Saskia Hamilton


 

from Night-Jar


From field to hedge to field,
acres of sorrel. Sorrow of the root,

it is true. I prepared myself for inward
testimony. Creatures of the high garden

kept their distance. Last birds,
first moths. Dogs watched

the procession of tractors. What arrives,
departs. It has no children, no lands;

time held in the palm of its hand
is all that is made. My feet took me to

my companion, distracted by the chill,
the damp car seats, old cans of paint,

gas bottles, children, parties, and all
what tills the soil. As if a fit were coming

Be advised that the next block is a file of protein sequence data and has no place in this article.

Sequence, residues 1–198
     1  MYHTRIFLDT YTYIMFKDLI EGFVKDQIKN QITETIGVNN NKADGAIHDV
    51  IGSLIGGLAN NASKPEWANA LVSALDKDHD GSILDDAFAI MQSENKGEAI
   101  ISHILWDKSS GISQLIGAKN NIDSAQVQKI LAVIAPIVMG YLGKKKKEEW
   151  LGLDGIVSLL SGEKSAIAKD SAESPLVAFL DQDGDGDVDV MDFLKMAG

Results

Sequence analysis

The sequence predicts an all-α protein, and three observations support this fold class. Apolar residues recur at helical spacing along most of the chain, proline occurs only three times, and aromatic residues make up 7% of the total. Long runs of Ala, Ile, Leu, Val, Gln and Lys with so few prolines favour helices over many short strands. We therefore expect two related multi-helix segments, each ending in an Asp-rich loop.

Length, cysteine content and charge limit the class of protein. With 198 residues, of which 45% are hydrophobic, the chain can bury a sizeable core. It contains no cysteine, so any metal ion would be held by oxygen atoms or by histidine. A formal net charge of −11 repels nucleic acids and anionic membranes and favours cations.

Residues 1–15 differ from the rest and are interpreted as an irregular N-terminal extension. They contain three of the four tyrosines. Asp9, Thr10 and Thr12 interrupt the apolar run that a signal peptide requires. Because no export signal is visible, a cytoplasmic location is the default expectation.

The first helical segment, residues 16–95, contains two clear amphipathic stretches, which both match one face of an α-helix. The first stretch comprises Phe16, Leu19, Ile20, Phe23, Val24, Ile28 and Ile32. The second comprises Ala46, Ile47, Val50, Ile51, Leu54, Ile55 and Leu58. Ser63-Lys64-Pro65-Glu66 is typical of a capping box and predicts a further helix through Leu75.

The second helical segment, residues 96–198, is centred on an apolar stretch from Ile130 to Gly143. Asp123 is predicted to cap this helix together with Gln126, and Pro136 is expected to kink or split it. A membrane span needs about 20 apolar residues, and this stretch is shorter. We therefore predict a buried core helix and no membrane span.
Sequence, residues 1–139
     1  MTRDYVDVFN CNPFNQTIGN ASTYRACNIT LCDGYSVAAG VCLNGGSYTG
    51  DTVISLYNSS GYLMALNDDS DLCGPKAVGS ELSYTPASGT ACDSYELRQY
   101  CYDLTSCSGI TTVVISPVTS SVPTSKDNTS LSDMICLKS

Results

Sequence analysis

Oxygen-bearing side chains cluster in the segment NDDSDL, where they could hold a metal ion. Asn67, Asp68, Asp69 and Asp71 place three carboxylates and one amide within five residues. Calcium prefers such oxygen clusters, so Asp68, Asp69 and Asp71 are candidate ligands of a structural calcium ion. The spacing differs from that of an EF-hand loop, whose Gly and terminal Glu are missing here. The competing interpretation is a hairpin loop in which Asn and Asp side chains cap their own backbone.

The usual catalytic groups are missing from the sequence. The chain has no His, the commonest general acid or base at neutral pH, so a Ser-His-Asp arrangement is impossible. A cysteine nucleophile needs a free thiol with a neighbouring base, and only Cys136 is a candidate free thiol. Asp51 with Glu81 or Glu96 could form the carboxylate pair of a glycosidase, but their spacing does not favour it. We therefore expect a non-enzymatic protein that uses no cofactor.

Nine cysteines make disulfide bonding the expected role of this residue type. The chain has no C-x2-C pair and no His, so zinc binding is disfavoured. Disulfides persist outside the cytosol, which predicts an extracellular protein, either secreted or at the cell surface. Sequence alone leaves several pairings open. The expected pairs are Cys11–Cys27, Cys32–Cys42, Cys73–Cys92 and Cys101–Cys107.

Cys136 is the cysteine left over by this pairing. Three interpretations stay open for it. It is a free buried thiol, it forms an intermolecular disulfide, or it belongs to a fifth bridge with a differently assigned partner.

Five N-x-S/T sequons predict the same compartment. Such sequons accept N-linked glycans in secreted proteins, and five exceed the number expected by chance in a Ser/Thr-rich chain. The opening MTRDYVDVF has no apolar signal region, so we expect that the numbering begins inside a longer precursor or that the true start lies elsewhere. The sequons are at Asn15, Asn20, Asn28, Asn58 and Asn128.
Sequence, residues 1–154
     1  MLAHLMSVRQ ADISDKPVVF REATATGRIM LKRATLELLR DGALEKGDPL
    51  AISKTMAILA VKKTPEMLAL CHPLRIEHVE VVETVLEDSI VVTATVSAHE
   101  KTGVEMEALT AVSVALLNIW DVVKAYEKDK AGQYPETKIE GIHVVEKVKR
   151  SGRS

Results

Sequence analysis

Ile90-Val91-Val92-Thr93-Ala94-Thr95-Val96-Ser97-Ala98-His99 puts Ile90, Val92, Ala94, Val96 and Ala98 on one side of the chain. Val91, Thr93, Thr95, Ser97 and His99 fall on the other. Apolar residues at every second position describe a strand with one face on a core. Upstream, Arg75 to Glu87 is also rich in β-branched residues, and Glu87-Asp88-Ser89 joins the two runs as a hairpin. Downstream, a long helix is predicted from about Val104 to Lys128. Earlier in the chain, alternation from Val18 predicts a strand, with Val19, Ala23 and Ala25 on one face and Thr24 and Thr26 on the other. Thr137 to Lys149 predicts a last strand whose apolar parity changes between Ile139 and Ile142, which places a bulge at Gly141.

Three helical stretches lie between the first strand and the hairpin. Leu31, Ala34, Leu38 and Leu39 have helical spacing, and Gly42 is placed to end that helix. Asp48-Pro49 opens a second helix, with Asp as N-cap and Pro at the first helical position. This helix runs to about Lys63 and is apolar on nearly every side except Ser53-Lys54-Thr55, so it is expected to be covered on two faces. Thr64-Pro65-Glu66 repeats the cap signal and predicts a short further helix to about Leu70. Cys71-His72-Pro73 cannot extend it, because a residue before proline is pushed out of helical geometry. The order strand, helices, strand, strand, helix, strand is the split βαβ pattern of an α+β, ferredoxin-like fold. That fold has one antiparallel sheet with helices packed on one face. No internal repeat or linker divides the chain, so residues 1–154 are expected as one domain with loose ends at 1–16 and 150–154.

on, I prepared myself expertly. I said
to the first dog, and then the second,

during that time we multiplied
like fools in Lear, disruptive by way

of nothing more than ordinary non-
human talk, nonsense at dusk,

radiators ticking the appointment
measuring out evenly the hour’s
 
recessional, study of tides,
where the river flowing north joins the sea
 
and crosses my mouth.
 







© 2008 Electronic Poetry Review